- article: Orpheus Descending: Love in "Vertigo"
- author(s): Walter Poznar
- journal: Literature Film Quarterly (1989)
- issue: volume 17, issue 1, page 59
- journal ISSN: 0090-4260
- Sloan's Alfred Hitchcock: A Filmography and Bibliography (1995) — page 503, #856
- keywords: Alfred Hitchcock, Gough Street, San Francisco, California, Ingrid Bergman, Lombard Street, San Francisco, California, Montgomery Street, San Francisco, California, Psycho (1960), Robin Wood, San Francisco, California, The Birds (1963), Vertigo (1958), William S. Pechter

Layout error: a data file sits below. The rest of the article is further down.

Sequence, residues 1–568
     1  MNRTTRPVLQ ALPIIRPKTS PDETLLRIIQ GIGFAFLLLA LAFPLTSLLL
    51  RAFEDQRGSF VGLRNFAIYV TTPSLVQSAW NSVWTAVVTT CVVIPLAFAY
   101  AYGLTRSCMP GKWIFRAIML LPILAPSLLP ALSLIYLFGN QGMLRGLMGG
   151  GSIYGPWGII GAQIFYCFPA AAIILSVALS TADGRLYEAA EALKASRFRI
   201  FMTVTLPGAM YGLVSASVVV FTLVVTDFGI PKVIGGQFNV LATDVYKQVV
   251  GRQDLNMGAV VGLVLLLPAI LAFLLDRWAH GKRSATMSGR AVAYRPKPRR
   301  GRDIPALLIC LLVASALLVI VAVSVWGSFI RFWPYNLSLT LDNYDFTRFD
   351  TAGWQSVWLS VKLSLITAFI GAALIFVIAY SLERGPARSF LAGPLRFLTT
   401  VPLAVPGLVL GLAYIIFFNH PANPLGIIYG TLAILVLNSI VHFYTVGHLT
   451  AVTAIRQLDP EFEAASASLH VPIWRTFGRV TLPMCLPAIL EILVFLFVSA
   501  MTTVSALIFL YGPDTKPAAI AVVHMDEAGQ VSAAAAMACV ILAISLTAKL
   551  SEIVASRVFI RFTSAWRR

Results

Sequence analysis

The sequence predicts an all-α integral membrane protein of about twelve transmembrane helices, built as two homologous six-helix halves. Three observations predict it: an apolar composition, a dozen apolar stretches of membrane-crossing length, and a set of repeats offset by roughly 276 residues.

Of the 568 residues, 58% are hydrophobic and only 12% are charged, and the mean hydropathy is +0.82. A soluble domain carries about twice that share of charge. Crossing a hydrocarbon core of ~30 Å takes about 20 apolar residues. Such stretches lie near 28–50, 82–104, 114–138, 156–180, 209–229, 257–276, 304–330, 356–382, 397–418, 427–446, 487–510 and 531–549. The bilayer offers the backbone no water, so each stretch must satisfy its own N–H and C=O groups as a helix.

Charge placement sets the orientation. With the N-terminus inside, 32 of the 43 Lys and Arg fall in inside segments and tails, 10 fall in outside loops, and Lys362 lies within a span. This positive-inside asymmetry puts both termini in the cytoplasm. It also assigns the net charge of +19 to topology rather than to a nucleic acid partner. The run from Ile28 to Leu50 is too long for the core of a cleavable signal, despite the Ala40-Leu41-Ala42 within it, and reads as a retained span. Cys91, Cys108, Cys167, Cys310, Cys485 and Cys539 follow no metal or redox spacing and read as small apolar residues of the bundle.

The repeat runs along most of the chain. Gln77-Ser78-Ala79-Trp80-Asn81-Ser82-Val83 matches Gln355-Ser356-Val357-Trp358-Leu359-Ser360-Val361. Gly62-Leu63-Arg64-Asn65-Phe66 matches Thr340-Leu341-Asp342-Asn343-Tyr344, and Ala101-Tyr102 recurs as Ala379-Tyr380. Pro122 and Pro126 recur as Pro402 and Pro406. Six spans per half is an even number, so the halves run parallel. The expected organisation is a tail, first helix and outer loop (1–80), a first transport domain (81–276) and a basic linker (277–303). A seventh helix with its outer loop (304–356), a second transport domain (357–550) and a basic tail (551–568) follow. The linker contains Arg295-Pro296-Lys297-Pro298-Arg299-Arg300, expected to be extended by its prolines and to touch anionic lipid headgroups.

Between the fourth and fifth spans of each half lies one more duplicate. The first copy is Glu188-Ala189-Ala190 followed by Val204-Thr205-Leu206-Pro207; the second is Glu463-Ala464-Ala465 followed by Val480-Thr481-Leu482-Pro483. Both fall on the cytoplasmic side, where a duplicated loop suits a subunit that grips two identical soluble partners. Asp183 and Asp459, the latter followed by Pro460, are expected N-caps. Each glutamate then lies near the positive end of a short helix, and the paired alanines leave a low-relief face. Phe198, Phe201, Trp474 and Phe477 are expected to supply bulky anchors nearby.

Ostensibly the dramatization of a man's infatuation with a woman he supposes dead, Vertigo has been analyzed extensively by critics like Robin Wood because of the haunting sense of its strange visual power, a power somehow incompatible with the simple reading of the film as a study in necrophilia causally related to Scottie's acrophobia. If a love as powerful as Scottie's cannot bring Madeleine to life, then Judy's death at the end is the fitting and tragic climax of a vision of the modem world more appalling and desolate than the death of God, for the God that is still possible in Scottie must remain alone in a darkness rendered absolute by the absence of any responsive voice.